Modern screens of smartphones and LCD panels are made of indium-tin oxide, but this material has a number of significant drawbacks. A new study suggests using instead of ITO screens of ultra-thin silver alloy.
ITO (indium tin oxide) is a ceramic material that perfectly conducts electricity and is completely transparent, making it a suitable material for the production of screens of all kinds, from smartphones to LCD TVs. But India itself is not extracted from the earth as an ore, it is a by-product of metal processing, and producing countries (for example the USA) often have to import it from other countries. Of course, this burdens the industry with a number of additional costs, and therefore researchers have been looking for ITO for more than ten years, and at last they have approached the task: they will be helped by an ultra-thin layer of silver.
It’s not that indium is insanely expensive, it’s just that its deliveries are fixed, because as such there is no primary source. This is explained by Ioannis Kiemans, an associate professor of electrical engineering at Columbia University. According to him, the main reason for the search is a reduction in the use of relatively scarce materials. Another important reason is that ITO is fragile, and therefore completely unsuitable for the production of flexible displays.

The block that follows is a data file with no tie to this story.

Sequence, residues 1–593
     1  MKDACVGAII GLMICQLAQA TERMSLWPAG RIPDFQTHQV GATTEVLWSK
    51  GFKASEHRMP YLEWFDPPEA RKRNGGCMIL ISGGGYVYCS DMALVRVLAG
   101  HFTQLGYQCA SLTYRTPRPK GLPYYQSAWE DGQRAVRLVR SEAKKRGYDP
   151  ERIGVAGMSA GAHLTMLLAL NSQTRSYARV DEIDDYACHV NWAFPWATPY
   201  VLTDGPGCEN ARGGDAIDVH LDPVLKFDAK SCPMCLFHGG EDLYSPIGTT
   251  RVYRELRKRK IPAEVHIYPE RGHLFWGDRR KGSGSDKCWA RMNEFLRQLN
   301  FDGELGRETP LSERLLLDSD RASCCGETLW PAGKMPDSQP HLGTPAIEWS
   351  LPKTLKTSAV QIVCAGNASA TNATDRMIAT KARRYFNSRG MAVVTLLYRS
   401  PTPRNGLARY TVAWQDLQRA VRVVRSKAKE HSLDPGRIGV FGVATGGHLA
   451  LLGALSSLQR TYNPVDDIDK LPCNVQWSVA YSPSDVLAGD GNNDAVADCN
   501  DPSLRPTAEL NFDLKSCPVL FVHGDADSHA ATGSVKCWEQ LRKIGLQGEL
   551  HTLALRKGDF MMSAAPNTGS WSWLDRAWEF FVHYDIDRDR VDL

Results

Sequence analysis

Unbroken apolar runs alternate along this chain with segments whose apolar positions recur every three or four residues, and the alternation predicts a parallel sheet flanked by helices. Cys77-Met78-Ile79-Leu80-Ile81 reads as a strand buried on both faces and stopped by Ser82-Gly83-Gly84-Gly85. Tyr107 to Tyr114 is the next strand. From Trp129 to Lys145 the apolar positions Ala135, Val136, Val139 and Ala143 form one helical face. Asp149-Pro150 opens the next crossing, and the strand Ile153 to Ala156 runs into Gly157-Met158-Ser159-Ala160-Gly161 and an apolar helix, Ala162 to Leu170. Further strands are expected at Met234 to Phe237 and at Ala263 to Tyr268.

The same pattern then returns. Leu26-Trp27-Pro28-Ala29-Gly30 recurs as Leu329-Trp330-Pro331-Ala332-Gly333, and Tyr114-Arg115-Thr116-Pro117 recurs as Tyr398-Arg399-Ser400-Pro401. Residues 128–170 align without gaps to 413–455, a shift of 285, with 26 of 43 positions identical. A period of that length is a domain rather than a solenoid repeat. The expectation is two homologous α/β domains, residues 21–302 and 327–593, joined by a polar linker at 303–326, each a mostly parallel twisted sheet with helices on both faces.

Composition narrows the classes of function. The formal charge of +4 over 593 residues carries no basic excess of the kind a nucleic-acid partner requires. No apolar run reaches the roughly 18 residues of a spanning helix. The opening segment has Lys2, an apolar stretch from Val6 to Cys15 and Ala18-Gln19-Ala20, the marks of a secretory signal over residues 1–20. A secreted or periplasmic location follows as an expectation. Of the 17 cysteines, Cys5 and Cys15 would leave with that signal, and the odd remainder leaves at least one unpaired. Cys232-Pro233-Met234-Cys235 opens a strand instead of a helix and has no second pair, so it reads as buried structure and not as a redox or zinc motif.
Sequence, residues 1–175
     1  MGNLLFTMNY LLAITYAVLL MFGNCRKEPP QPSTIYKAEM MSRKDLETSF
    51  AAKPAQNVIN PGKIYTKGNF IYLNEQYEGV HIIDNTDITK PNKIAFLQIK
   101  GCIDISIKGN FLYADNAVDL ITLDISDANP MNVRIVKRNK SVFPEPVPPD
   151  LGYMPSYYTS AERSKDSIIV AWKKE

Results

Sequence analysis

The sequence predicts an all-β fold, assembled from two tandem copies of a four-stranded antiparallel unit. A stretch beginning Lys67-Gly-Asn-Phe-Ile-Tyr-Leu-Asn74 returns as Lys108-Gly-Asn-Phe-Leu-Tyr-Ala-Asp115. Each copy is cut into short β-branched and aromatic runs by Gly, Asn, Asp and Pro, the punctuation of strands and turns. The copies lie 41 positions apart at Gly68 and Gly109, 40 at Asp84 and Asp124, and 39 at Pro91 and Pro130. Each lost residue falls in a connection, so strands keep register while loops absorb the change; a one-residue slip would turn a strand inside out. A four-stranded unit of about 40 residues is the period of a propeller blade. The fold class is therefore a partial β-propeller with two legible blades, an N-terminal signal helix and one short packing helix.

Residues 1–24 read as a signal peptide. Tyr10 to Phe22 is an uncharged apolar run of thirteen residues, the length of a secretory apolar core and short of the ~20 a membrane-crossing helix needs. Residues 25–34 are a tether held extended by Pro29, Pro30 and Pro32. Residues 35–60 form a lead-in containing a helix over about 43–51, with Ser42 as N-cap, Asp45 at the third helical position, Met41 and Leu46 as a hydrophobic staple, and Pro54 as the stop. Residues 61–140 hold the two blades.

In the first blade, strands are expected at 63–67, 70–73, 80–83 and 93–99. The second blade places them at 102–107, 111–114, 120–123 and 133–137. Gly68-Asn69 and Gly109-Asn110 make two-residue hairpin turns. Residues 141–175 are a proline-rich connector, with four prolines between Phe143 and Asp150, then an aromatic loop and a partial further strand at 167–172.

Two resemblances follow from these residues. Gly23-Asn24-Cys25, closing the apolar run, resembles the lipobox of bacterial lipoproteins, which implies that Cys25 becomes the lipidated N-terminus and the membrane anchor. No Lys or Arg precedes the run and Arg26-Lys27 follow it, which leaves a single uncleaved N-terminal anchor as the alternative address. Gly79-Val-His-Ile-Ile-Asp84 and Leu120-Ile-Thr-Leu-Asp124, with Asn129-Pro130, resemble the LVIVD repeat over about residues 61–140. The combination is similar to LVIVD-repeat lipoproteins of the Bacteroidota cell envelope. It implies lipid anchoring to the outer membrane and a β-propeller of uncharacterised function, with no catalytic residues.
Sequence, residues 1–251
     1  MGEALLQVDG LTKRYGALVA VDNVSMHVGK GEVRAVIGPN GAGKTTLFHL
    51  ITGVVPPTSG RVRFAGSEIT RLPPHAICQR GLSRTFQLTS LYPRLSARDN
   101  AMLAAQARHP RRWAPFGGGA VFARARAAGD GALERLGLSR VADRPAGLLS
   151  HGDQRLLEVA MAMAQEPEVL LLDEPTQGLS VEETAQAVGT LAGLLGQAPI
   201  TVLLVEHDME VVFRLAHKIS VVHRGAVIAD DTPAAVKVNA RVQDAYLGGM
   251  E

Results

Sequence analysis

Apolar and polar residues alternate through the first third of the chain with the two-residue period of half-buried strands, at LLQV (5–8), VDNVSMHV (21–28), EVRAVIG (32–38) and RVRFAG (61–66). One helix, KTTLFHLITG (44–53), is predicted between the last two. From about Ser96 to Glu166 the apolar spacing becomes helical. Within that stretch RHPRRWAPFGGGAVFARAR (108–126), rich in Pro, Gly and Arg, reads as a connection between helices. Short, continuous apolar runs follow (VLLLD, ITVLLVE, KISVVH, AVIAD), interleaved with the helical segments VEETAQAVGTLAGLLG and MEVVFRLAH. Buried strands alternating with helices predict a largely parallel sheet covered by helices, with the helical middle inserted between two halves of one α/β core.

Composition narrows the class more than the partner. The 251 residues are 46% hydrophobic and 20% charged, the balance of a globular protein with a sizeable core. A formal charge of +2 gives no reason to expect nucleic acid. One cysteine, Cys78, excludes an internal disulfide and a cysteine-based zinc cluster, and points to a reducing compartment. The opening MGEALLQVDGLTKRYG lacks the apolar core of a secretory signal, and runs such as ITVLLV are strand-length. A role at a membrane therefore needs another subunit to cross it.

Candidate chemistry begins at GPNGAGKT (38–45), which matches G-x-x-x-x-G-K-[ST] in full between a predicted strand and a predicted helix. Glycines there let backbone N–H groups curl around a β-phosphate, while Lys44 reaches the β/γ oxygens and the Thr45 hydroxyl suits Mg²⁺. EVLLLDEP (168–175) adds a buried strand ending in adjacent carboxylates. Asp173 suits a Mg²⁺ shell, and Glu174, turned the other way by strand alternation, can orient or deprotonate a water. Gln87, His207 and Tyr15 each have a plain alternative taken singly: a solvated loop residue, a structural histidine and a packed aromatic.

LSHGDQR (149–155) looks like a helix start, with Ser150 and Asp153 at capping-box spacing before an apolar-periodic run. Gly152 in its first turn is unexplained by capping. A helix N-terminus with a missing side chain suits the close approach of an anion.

Jay Guo, a professor of electrical engineering and computer science at the University of Michigan, recently published a new study in the journal Advanced Materials, in which he suggested using a film thickness of 7 nm in silver. Silver also conducts electricity perfectly, besides, being so thin, completely transparent, while it has the necessary flexibility and strength. In itself, silver behaves rather wayward and strives to form structures, which the professor calls “islands”, but this problem was solved thanks to the alloy with copper or aluminum.
The problem, as always, lies in the economy: the production of ITO is put on the industrial track, and therefore to press it from the market the new material will not be easy. However, if the research of the professor finds a successful commercial implementation, maybe in the near future we are waiting for a new generation of screens.